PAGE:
Quicksort is one of the most commonly used sorting algorithms and it generally performs very well.
In this blog post we give a very brief overview of quicksort, show some of the most important pieces code and then discuss how to parallelise it using OpenMP in C++.
The structure of quicksort is the following:
You find a single element in the array (of length l), and reorder the array such that the following conditions hold:
a[j] ≤ a[p] ≤ a[k] for all 0≤ j < p, p ≤ k < l.
This means that you partition the array such that every element to the left of your pivot is smaller or equal to the pivot element and each element to the right is larger or equal. Now, if we could somehow magically sort each of these sections, then our array would be sorted right? So we just call quicksort on our two subarrays and off we go. The recursion stops when the size of the subarray is 1, as that is trivially sorted.
Now, why would you want to parallelise this? Even though the normal algorithm is quite fast already (if you choose a decent pivot element), most modern machines have multiple cores, so if there’s an easy way to speed up common tasks (and sorting is very common), then it’s definitely useful.
Here is the implementation of the serial quicksort algorithm. Assume the partition function does what is described above. It can be found in the github repo. This resource goes into great depth about choosing a pivot and performing the partitioning.
How do we parallelise it? OpenMP is a shared memory programming model that provides useful features for all manner of parallelisation across different processors in the same machine.
The component we will use today is the task construct. The process consists of a single thread (the master one) creating multiple tasks for each level of recursion and then all threads can perform tasks from that generated task queue. One notable factor is that we only generate tasks if the size of the array is larger than some threshold. This is done, because for too small workloads, the extra overhead of creating a task and assigning a thread to it becomes a significant part of the total time.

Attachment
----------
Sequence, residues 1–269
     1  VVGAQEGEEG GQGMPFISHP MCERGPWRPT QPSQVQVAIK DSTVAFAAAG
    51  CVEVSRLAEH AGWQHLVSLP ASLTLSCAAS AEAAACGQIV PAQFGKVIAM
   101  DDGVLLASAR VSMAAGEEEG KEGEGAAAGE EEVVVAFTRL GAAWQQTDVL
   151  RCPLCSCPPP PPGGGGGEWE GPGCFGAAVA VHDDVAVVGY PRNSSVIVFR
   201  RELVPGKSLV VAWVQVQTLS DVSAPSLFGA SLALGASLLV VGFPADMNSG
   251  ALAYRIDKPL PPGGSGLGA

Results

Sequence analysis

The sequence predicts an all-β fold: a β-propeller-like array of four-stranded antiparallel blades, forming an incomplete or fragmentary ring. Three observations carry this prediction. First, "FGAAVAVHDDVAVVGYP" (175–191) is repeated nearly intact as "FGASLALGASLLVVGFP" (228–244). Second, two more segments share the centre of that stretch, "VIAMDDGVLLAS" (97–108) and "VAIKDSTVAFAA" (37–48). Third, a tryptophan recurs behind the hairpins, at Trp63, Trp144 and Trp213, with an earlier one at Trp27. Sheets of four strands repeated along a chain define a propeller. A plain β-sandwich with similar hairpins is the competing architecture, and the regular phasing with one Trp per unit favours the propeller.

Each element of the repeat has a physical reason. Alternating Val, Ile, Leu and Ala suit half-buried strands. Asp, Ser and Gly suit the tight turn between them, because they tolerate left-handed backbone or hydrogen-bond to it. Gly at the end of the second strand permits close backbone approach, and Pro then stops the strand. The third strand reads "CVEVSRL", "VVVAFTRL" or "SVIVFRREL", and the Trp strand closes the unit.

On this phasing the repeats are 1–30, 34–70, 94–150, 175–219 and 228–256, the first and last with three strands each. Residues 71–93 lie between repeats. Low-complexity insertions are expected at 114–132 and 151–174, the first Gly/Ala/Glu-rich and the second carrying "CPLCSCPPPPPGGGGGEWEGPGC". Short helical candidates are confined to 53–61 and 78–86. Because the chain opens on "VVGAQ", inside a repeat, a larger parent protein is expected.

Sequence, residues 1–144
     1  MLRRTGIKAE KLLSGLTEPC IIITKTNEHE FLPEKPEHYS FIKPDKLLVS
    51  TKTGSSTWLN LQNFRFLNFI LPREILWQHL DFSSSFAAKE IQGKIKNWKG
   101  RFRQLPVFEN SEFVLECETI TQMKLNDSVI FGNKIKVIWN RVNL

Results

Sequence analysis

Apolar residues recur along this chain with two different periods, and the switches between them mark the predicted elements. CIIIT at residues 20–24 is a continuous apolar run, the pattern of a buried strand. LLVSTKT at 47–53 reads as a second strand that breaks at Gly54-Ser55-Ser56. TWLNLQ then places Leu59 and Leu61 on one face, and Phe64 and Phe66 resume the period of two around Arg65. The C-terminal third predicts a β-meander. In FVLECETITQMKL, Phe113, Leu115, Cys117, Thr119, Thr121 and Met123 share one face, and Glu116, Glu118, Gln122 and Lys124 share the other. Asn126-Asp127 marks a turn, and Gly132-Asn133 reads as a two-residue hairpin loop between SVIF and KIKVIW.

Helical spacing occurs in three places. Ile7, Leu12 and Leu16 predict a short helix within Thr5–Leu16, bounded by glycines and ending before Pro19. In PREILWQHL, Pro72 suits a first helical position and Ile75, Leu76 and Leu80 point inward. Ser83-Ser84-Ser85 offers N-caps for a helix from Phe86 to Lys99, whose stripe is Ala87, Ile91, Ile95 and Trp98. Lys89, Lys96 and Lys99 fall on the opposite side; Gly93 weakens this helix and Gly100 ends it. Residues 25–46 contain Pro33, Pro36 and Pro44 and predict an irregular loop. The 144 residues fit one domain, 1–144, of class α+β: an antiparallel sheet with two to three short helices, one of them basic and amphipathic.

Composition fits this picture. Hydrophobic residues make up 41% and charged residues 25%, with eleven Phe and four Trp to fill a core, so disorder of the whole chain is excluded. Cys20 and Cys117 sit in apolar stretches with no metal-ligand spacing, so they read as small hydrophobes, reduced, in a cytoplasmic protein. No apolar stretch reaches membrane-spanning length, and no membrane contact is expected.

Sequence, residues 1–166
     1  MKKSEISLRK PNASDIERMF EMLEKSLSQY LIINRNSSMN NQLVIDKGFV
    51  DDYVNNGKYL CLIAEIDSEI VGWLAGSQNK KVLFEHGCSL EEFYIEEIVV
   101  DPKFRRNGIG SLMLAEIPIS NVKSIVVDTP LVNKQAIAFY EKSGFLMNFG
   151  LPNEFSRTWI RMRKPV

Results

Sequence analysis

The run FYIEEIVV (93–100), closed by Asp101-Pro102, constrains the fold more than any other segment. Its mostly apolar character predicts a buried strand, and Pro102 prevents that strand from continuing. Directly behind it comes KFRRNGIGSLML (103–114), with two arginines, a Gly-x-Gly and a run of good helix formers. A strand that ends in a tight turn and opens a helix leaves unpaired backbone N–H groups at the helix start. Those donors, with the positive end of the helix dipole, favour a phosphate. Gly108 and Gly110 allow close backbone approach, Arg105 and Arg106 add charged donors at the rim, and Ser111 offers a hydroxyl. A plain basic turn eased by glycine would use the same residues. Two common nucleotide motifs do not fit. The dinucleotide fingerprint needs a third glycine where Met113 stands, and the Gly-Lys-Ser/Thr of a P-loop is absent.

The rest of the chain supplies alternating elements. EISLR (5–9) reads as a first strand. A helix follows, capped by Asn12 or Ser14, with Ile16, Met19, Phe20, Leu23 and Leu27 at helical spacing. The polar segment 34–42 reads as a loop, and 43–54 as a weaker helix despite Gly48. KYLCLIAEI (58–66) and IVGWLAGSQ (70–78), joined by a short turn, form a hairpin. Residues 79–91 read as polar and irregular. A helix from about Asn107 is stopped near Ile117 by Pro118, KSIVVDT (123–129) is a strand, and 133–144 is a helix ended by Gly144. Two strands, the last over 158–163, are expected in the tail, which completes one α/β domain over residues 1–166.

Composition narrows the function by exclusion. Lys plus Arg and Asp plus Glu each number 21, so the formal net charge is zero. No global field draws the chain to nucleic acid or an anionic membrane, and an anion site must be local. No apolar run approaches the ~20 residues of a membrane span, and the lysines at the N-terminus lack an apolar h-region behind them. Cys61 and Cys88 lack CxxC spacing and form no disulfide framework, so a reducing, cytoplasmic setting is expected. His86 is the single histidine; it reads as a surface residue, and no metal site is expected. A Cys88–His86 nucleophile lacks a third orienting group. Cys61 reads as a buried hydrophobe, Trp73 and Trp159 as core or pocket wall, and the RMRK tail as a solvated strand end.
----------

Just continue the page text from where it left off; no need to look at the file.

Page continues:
Here is the code for that, we simply add a few lines of pragmas and we’re done! OpenMP does all of the heavy lifting. We also need to defer to the serial version when the array size becomes small as described above.
This does require a way to create the parallel region, which basically tells OpenMP that the following needs to be executed in parallel. We use
#pragma omp single
to only generate the tasks only once, but execute them across threads.
To compile OpenMP code, you can simply use the command:
g++ file.cpp -fopenmp -o file.out
And you need to include the
The code here was ran on my 4 core, 8 thread laptop running WSL.
Adding in those few lines of code definitely helps improve the runtime performance of quicksort. A few things: we could have used the sections construct with similar code. This was generally the way to do things long ago, and the more modern and preferred alternative is to use tasks. In my experience, tasks also perform better, because with sections, each thread only does the work for one section (which is equivalent to the tasks above), whereas each thread can perform the work of many tasks.
As we saw in this post, using OpenMP can drastically improve the performance of quick sort (and other sorting algorithms as well) with minimal code change. The github repository for this blog post can be found here.
References / Resources
A lot of this was based on labs and assignments we had for our parallel computing course.
You can find other useful resources here: